Such policies are justified officially as being grounded on scientific findings and conclusions. The most recent of such official justifications is the report released on June 27, 2006 by the US Surgeon General (SGR)1. The report is not a primary epidemiological study of ETS effects, but the summary of a selection of such studies published in the open literature.
At the press conference introducing the report, the US Surgeon General personally asserted that “There is no risk-free level of secondhand smoke exposure.”, that “Breathing secondhand smoke for even a short time can damage cells and set the cancer process in motion.”, and that for children exposed to secondhand smoke “Eventually, they’ll develop cardiovascular disease and cancers over time.”
Such assertions are not sustained by the epidemiological studies reviewed in the 2006 SGR. Such assertions are deceptively grounded on data that the compilers of the SGR and the US Surgeon General knew to be fictitious.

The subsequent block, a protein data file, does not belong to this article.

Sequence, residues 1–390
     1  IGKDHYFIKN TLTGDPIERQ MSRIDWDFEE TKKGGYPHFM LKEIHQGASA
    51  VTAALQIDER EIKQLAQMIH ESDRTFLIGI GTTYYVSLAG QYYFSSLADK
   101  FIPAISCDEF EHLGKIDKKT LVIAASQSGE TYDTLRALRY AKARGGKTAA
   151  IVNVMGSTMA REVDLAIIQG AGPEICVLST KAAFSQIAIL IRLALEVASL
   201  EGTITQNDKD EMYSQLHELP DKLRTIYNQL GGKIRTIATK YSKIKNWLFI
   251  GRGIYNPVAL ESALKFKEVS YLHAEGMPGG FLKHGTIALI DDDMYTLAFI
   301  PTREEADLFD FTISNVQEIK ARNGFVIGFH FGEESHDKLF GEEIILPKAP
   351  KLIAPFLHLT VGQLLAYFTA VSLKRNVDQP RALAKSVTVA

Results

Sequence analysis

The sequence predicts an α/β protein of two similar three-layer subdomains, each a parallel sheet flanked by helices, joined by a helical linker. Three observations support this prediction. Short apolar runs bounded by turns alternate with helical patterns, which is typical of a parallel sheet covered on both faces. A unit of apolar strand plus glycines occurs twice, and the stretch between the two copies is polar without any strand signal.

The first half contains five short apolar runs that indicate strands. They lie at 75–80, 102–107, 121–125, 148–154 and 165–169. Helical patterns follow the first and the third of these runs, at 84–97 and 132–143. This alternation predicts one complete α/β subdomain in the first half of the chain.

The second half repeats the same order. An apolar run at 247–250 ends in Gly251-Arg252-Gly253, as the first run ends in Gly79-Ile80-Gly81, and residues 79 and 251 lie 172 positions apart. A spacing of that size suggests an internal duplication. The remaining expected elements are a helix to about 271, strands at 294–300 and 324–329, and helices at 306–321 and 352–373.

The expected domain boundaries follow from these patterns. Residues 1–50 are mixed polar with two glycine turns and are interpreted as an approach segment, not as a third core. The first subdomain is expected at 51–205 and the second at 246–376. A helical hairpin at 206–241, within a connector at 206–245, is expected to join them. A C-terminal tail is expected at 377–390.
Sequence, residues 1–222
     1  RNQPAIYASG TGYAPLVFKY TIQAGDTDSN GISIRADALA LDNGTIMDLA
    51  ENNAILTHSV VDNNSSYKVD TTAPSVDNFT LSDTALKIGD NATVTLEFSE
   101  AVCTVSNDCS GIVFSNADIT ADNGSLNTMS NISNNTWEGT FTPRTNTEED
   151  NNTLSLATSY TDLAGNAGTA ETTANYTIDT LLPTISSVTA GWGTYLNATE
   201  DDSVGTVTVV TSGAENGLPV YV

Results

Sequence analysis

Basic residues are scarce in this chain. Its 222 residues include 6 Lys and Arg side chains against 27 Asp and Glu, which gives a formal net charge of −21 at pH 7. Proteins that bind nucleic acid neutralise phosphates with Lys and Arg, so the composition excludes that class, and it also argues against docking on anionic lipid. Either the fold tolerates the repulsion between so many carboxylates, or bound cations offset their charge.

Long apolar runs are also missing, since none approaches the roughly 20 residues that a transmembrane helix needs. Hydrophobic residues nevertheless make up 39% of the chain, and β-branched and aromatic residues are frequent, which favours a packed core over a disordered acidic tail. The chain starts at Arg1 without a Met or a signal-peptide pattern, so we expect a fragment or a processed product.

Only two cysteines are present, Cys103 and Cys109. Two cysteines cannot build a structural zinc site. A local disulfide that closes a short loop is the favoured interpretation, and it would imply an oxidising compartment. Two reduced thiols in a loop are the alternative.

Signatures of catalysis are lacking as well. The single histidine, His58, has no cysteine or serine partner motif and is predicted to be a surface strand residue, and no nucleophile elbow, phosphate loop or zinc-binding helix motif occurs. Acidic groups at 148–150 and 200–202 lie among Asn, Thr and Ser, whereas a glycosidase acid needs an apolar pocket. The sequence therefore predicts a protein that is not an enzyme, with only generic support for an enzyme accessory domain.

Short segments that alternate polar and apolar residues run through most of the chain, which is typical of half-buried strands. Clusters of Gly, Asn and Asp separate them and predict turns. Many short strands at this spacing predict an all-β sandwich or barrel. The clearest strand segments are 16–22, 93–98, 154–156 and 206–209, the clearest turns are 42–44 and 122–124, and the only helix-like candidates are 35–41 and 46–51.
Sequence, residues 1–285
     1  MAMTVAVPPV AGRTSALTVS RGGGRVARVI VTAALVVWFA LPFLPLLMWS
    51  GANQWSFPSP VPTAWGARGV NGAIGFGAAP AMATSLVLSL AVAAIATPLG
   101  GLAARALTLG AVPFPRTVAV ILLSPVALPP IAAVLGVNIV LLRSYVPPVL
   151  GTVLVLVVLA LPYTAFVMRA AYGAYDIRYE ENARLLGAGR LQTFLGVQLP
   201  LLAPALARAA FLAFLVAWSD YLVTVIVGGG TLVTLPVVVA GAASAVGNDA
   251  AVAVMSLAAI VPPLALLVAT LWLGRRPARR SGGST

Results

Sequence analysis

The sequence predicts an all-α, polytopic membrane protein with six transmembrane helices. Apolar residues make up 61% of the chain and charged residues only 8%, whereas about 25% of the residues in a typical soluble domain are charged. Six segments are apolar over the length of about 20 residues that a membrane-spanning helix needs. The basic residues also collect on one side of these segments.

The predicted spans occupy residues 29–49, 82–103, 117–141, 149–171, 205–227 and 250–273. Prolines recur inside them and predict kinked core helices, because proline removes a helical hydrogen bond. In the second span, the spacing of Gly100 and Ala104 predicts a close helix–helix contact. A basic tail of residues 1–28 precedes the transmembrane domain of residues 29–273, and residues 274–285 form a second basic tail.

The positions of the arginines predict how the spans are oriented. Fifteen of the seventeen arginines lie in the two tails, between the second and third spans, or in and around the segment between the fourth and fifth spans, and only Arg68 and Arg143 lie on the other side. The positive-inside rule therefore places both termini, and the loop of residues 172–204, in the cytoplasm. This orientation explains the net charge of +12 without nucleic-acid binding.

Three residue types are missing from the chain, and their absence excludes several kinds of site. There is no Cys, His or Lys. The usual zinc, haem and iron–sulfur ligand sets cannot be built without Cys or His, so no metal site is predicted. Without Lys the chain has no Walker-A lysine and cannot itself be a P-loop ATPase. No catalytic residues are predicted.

Evidence of Deception
For brevity, the present analysis focuses on the alleged risk for lung cancer, although the arguments are directly applicable to the alleged risks for other diseases. The 2006 SGR describes ETS risks with the precision of two decimal points: for instance RR=1.21 for lung cancer. Such a precise assessments of risk must fulfill the inescapable requirement that the primary data utilized were indeed what it was claimed to have been measured; that measurements were accurate within an explicit and testable margin of error matching the precision of the claimed risks; that the results could not be explained by spurious experimental, observational or interpretive interferences; and lastly, that repeated studies yielded consistently reproducible results.
In assessing ETS risk it is necessary to find groups of non-smokers that have been variously exposed to ETS. Exposure alone, however, could not be the basis of risk estimates, because risk could be determined only in relation to the biologically effective doses that people internalize, a necessity that the SGR recognizes in Figure 1.1, page 18. 2